Effects of maternal rearing diet on the BW of their broiler offspring were sex dependent and transient, but significant. High (15.3%) maternal dietary protein during rearing showed the most consistent overall greatest BW and economically important yields. The low maternal ME level during lay (2,800 kcal/kg) had consistently higher BW, but may have negative effects on offspring yield, particularly in males. Maternal nutrition influenced broiler yield, and thus may be more economically important than previously thought. The results from the current study confirm that maternal nutrition during the broiler breeder pullet stage can impose a lasting influence on offspring BW, which is greater in magnitude than those resulting from laying phase nutrition. This may be the result of more intense feed restriction during the pullet phase, and it suggests epigenetic mechanisms may be in play. A systematic and careful investigation is needed to complete our understanding of these interacting and time-confounded effects and their underlying mechanisms.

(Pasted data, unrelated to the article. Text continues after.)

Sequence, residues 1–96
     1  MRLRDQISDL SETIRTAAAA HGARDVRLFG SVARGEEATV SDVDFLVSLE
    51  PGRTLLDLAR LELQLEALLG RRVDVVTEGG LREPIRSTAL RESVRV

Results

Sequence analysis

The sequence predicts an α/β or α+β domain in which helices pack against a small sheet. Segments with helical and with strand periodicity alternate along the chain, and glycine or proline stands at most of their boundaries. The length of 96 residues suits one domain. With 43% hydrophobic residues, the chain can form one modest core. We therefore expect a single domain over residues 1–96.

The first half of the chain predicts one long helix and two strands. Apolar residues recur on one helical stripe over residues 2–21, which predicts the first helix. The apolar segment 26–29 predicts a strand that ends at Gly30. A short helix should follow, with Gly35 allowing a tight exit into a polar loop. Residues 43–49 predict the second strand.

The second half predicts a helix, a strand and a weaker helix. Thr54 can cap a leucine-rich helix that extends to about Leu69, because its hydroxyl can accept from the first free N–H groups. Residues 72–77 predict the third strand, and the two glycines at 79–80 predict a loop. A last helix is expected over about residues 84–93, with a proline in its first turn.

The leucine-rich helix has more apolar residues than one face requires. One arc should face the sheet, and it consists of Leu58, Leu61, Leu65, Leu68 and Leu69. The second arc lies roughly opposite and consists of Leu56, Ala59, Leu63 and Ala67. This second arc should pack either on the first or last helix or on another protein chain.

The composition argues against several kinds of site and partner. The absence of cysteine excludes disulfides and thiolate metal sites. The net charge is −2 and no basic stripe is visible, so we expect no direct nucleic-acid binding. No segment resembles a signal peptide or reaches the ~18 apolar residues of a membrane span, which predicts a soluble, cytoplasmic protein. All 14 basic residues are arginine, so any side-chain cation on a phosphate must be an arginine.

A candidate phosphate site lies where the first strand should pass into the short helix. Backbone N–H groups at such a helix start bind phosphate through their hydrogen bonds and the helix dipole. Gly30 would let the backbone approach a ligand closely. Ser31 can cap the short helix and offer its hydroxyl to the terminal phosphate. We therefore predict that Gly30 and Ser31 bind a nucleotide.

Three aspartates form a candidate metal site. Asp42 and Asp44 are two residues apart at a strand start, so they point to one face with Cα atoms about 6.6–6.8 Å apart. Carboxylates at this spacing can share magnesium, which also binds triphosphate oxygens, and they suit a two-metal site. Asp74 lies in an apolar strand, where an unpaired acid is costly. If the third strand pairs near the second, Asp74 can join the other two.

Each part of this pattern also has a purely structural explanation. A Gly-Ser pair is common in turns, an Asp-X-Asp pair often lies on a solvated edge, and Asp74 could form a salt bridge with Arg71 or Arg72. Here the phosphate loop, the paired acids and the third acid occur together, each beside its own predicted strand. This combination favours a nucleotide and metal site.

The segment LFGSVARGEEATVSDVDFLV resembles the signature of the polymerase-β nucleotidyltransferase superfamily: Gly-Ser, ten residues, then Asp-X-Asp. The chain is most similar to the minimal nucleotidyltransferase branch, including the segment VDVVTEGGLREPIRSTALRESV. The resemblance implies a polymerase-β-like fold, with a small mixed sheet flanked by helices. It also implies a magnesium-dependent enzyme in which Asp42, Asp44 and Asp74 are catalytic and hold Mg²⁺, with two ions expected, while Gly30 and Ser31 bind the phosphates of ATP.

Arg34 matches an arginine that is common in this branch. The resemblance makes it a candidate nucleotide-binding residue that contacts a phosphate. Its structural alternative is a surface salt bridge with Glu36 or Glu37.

The objective of the current research was to evaluate transgenerational effects of maternal dietary energy and protein on growth, efficiency, and yield of broiler offspring. A factorial arrangement of treatments consisting of high and low ME and CP levels fed during the rearing and laying phases was used. The study was a final 2 × 2 × 2 × 2 factorial arrangement of treatments, including broiler sex. Ross 708 broiler breeder pullets (n = 933) were fed diets containing 2,736 (HEREAR) or 2,528 kcal/kg ME (LEREAR) with either 15.3% (HPREAR) or 13.7% CP (LPREAR). From 25 wk, dams were fed a 15% CP laying diet containing 2,900 (HELAY) or 2,800 kcal/kg ME (LELAY). Following artificial insemination of the dams at 35 wk, eggs were collected for 1 wk, incubated, and pedigree hatched to preserve maternal identity. Broiler offspring were placed sex-separately into 32 pens, according to laying phase maternal treatments, with rearing maternal treatments nested within pens. Individual BW and pen level feed intake were recorded weekly. Broilers were processed at 40 d of age to evaluate yield. Maternal diet effects on offspring BW were sex dependent and transient. Female LPREAR × LELAY broilers had lower pectoralis major and carcass yield than HPREAR × LELAY females. Male HPREAR × HELAY broilers had increased breast yield (19.8%) compared with 18.4% in HPREAR × LELAY broilers. Carcass yield was lower in LEREAR × HPREAR broilers (63.7%) compared with HEREAR × HPREAR broilers (64.9%). LEREAR × HPREAR dams had the lowest ME to CP ratio (E: P) diets and highest rearing phase CP intake. Maternal diet did not influence offspring FCR. The most consistent contributor to increased BW was higher maternal dietary CP and ME during rearing. Low ME maternal laying phase diets increased BW of male offspring more consistently than of female offspring. Maternal nutrition also influenced broiler yield, and is thus economically important. Energy and protein dilution in broiler breeder pullet diets may have detrimental effects on offspring performance.